When are we most alive?


There are moments when I look into that deep well of memories, seek out in the brain’s twisted archive of fragmented neuronal lights; dip down into the chemical vats of its blind pathways certain traces that have established themselves, left their mark in a knot of neurons: discover in its uncertain, lingering waves events that have been copied into the tissue of my three pounds of mentation. In such moments I sometimes discover signs of past life, remembrances of past awakenings, moments in that time temple of traced livingness in which I suddenly felt most alive.

Most of the time it comes in snatches like dream fragments: a forest glen where a young doe looks up, her eyes pointedly staring into mine – a meeting of two beings forming a silent acknowledgement; else, other moments when the pain of a nail ripping into one’s flesh touches one’s being, awakens one to the power and resistance of things, of how they can bring one low, destroy in an instance one’s illusion of safety; or, the power of a smile, the trace of a woman’s mouth that hides more than it reveals: her eyes full of mischief, laughter, impishness. Sometimes these fragments from the neuronal stream pop up as one is going about work or play, mindlessly, like an automaton; living habitually through the day to day cycles without thought or care.

At such moments one will stop, awaken from one’s stupor for just a quick second, becoming aware of the other, of that self one has never known, but always seen scampering through the traceries of these neuronal flashes and memories. What is the Self that it follows one like a ghost? Is it nothing more than these disturbed memories? A broken stream of neurons floating among light bundles that suddenly trigger past events? Are we mere moments in a screen play we did not create, but rather have become unwilling players in its willy-nilly fabrications? Or is it more than the dark traceries below these jutting memories that reveal distorted signs of our only ever real life, a life marked by moments of awakening when the mind is so clear and alive that it sees into things as they are, alive and knowing? A life when the knower and the known awaken to each other?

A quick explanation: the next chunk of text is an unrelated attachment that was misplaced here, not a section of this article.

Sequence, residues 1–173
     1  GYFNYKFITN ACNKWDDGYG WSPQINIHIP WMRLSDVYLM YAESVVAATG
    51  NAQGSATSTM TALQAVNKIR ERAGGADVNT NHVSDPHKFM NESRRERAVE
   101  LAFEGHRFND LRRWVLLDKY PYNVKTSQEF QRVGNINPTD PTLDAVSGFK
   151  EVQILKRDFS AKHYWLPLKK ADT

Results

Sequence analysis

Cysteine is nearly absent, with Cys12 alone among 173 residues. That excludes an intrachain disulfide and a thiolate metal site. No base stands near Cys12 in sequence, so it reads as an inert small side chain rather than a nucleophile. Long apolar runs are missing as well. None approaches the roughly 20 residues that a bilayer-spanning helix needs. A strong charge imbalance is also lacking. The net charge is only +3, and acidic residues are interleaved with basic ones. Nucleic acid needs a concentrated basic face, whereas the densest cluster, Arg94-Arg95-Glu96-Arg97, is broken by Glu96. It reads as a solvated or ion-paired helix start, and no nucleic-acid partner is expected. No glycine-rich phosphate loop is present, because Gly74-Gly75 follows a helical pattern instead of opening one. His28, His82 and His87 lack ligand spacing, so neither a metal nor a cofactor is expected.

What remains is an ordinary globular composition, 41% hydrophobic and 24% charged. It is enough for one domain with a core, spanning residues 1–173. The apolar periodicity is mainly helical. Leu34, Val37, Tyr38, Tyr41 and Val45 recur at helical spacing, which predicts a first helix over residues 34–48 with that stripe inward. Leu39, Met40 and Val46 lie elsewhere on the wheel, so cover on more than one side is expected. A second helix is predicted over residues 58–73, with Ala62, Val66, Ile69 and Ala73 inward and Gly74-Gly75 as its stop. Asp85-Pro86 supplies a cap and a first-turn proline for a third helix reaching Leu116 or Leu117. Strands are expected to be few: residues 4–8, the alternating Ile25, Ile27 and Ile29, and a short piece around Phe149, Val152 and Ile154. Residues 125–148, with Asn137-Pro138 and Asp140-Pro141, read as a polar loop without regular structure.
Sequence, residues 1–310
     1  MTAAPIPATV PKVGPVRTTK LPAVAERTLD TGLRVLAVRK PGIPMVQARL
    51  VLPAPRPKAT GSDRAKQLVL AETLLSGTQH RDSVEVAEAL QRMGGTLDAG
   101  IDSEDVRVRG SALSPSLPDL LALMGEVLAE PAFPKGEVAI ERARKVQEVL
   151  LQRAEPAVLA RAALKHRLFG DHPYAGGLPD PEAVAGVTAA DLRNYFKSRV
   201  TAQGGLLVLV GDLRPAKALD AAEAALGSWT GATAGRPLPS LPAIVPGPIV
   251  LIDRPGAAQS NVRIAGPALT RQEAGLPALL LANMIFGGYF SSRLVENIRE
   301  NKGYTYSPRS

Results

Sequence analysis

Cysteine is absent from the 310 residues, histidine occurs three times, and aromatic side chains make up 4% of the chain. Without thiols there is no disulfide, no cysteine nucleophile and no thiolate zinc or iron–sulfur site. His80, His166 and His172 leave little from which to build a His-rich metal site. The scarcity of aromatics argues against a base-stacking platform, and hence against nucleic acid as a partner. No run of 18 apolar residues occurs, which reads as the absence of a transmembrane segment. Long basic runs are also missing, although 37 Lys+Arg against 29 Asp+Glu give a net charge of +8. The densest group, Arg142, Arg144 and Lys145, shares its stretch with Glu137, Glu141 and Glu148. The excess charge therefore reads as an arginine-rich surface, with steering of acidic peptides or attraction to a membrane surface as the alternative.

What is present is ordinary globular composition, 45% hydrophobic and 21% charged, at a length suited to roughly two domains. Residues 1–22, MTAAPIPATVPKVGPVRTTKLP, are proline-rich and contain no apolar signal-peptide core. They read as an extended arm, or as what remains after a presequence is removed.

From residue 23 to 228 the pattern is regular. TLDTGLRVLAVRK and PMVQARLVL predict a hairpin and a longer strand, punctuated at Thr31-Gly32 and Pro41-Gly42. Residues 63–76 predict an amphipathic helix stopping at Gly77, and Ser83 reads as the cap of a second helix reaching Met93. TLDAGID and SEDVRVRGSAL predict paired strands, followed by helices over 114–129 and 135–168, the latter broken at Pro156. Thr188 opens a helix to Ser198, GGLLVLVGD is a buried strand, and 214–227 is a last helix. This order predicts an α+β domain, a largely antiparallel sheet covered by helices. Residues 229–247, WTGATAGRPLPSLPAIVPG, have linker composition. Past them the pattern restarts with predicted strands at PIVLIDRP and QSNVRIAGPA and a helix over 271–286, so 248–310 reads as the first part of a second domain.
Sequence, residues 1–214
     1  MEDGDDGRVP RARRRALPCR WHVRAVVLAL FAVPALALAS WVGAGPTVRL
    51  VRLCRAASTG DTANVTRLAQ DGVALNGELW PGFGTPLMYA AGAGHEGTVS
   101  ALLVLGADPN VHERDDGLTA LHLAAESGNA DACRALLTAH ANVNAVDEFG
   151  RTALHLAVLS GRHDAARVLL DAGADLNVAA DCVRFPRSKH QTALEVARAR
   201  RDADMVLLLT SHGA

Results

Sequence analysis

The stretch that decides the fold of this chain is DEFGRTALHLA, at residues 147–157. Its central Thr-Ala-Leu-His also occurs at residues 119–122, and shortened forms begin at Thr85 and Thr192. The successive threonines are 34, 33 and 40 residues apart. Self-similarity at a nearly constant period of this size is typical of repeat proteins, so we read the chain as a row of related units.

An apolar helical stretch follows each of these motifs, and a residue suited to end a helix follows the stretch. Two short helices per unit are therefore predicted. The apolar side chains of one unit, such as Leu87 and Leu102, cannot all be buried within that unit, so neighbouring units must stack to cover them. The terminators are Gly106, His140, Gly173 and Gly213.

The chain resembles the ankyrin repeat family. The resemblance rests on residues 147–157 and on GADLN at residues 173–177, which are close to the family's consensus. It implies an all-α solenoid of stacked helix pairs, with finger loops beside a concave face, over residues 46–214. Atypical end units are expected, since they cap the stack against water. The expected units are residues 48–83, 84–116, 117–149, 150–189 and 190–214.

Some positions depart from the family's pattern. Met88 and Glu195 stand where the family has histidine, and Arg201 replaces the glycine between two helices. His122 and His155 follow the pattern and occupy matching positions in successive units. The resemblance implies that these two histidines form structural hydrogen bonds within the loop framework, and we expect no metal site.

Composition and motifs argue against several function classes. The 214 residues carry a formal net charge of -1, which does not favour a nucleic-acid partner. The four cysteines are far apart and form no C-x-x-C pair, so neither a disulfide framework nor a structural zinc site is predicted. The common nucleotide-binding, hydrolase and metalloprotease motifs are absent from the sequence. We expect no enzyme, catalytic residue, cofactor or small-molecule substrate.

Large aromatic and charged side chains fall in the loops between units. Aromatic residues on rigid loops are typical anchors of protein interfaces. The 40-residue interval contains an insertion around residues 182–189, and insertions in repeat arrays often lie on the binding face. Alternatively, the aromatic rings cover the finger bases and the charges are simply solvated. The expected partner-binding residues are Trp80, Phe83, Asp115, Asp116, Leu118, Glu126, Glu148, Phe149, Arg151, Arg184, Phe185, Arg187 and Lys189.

Have you ever thought about the difficulty in bringing back the face of a loved one out of that dark sea of neurons? Seeking the trace of her appearance in the clouds of images that seem like some protean world that is in continuous metamorphosis? The way she would look up at you with that red baseball cap, her hair stuffed up in a knot, her coal black eyes full of dark-fire, that little turn of her lips, a grin sparking at you revealing both intelligence and humor. When she is gone what remains?

Does the universe hold these things forever? Will the memories in my neurons disperse among the stars, or will stars sing of them in some distant corner of the universe the moment my flesh dissolves into the earth? If I transcend my flesh and become machinic as some posthuman fabricators of descent foresee, will those memories have the same weight for that new positronic mind as they have had for my fleshly one? What in the reaches of those eons when our mechanical children look back on their ancestry will they remember? Will they feel as we feel, will they think as we think; will they know love and laughter, sorrow and terror; will they be troubled in their sleep with dreams?

We tell ourselves stories in the night to comfort us against the unknown terrors that surround us. Will our positronic children do the same?

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